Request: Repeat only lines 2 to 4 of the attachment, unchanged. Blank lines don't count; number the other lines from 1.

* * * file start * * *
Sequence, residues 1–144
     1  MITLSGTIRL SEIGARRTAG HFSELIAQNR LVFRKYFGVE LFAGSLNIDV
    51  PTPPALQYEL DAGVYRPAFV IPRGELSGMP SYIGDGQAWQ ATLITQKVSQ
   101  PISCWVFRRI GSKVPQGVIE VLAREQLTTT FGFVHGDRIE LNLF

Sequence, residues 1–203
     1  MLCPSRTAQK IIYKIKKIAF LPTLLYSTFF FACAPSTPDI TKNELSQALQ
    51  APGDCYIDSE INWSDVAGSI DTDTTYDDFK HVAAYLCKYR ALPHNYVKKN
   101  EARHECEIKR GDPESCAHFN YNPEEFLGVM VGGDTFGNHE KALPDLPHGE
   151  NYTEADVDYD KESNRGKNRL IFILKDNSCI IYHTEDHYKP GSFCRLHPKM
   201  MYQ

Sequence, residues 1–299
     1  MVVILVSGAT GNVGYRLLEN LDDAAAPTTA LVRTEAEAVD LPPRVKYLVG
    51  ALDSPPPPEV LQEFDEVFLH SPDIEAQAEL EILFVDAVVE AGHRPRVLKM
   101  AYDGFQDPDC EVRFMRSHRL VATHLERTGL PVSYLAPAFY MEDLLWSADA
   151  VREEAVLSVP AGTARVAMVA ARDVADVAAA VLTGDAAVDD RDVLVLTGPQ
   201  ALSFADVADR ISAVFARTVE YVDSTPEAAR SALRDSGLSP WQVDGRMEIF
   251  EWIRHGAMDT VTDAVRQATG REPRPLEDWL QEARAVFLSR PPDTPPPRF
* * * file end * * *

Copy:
     1  MITLSGTIRL SEIGARRTAG HFSELIAQNR LVFRKYFGVE LFAGSLNIDV
    51  PTPPALQYEL DAGVYRPAFV IPRGELSGMP SYIGDGQAWQ ATLITQKVSQ
   101  PISCWVFRRI GSKVPQGVIE VLAREQLTTT FGFVHGDRIE LNLF